If you’re considering getting into an exciting nursing field, you’ll want to know how to become a forensic nurse.
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- What is a forensic nurse?
- What does a forensic nurse do?
- Forensic Nurse Salary
- 6 Steps to Become a Forensic Nurse
Forensic nurses play an essential role in the healthcare and criminal justice systems. Their work involves a unique combination of nursing skills, forensic science, and legal knowledge, and they strive to provide compassionate care and support to victims of crimes.
Forensic nursing is a specialized field that combines nursing, forensic science, and the law.
Becoming a forensic nurse requires nursing education, experience, specialized training, and certification. It can be a challenging but rewarding career path for nursing students interested in making a difference in patients’ lives.
What is a forensic nurse?
A forensic nurse is a registered nurse (RN) or advanced practice registered nurse (APRN) who has received specialized training in forensic science, healthcare, and the law.
They work in various settings, including hospitals, clinics, correctional facilities, and medical examiner or coroner’s offices, and are involved in investigating, treating, and preventing injuries and violence.
Forensic nurses use their nursing skills and knowledge to collect and preserve evidence related to crimes, such as sexual assault, domestic violence, and child abuse. They work closely with law enforcement, attorneys, and other healthcare professionals to provide expert testimony in court cases.
In addition to providing direct patient care, forensic nurses also work to prevent violence and promote public health through community outreach, education, and advocacy. They may also work in research, policy development, and program administration related to forensic nursing.
Read to learn more nursing professions and types of nurses.
What does a forensic nurse do?
Forensic nurses work in a variety of settings, and their day-to-day tasks can vary depending on their specific role and responsibilities. However, some common tasks that forensic nurses may perform in their day-to-day work include:
- Conducting forensic medical exams on victims of sexual assault, domestic violence, child abuse, or other crimes. They collect evidence, document injuries, and provide medical treatment as needed.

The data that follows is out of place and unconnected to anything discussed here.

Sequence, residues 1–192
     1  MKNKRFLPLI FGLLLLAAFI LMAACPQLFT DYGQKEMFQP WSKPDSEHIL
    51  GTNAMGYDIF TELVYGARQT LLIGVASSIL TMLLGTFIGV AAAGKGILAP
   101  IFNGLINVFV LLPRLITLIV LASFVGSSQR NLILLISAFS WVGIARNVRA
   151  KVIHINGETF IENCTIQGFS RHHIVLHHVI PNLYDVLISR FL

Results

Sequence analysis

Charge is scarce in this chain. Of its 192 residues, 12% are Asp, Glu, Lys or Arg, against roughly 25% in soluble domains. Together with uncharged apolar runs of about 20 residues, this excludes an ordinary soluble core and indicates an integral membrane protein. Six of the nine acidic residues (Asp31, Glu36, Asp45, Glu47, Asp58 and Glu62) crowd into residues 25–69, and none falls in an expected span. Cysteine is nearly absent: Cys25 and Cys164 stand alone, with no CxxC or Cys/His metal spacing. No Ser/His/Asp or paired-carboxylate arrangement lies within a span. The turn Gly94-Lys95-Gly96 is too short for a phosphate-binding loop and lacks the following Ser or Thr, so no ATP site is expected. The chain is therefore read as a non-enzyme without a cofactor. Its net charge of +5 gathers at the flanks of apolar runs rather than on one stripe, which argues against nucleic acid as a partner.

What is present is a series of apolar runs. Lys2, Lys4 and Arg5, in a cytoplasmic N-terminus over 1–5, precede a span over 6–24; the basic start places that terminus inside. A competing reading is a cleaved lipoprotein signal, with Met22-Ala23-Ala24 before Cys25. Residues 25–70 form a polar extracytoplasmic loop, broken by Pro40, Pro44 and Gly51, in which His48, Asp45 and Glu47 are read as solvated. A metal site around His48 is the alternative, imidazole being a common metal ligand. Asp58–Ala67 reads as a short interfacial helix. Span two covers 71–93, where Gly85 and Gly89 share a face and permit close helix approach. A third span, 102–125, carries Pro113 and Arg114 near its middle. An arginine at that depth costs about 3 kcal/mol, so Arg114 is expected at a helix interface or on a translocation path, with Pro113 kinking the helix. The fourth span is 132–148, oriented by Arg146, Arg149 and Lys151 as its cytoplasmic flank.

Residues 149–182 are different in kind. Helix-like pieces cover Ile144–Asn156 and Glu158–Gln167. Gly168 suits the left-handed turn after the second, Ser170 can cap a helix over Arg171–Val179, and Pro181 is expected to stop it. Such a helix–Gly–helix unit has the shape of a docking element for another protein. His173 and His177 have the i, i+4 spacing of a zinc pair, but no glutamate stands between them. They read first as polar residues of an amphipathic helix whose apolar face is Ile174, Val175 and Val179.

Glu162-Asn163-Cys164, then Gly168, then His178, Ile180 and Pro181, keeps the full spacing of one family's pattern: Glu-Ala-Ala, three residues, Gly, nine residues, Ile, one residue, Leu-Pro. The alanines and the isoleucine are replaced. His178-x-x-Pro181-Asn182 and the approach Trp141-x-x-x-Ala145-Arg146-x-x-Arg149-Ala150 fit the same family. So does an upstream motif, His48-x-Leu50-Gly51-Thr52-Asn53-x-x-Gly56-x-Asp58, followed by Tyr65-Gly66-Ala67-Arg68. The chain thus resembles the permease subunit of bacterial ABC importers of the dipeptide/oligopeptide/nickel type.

- Collecting and preserving evidence related to crimes. They may collect samples of bodily fluids, take photographs of injuries, and document the chain of custody of evidence.
- Providing expert testimony in court cases related to crimes. They may explain medical procedures and terminology to judges and juries and provide expert opinions on the collected evidence.
- Collaborating with law enforcement and other professionals to provide comprehensive care to victims of crimes. They may attend meetings, provide consultation, and collaborate on investigations.
- Educating and advocating for victims to help them understand their options and make informed decisions about their care. They may also advocate for victims’ rights and provide referrals to community resources.
Forensic Nurse Salary
According to ZipRecruiter, the average annual salary for a forensic nurse in the US is $73,786 /year or $35 /hour.
The highest-paying states for forensic nurses include:
- New York – $81,805/year
- Idaho – $80,151/year
- California – $78,404/year
- New Hampshire – $75,999/year
- Vermont – $74,910/year
6 Steps to Become a Forensic Nurse
Here are general steps to become a forensic nurse:
1. Obtain a nursing degree.
The first step in becoming a forensic nurse is to obtain a nursing degree. This can be either an Associate Degree in Nursing (ADN) or a Bachelor of Science in Nursing (BSN) degree. Some employers may prefer or require a BSN degree for forensic nursing positions.
2. Pass the NCLEX-RN and obtain RN licensure.
To work as a forensic nurse, you must have a valid RN license, which is a legal requirement to provide healthcare services. RN licensure requires passing the NCLEX-RN exam, which tests your knowledge and skills in nursing practice.
3. Gain nursing experience.
Most forensic nursing positions require at least two years of nursing experience. This can include experience in areas such as emergency departments, or critical care units.
4. Complete forensic nursing education and training.
Forensic nurses must complete specialized education and training in forensic nursing. This can include certificate programs, continuing education courses, or advanced practice nursing programs with a forensic focus.
5. Gain experience in forensic nursing.
After completing education and training, nursing students can gain forensic-specific nursing experience by working in various settings, including hospitals, clinics, correctional facilities, and medical examiner or coroner’s offices.
6. Obtain forensic nursing certification.
Certification is not always required to work as a forensic nurse, but it can demonstrate expertise in the field and increase job opportunities.
The International Association of Forensic Nurses (IAFN) offers different certification options for forensic nurses, including:
- Certified Adult/Adolescent sexual assault nurse examiner (SANE-A): This is for specialized care to adult and adolescent patients who have experienced sexual assault.
- Certified Pediatric sexual assault nurse examiner (SANE-P): Similar to SANE-A, this certification is for specialized care to pediatric patients who have experienced sexual assault.
Get Closer to Your Dream Nursing Career with Less Stress
Becoming a forensic nurse, or any specialty nurse, starts with passing the NCLEX exam.
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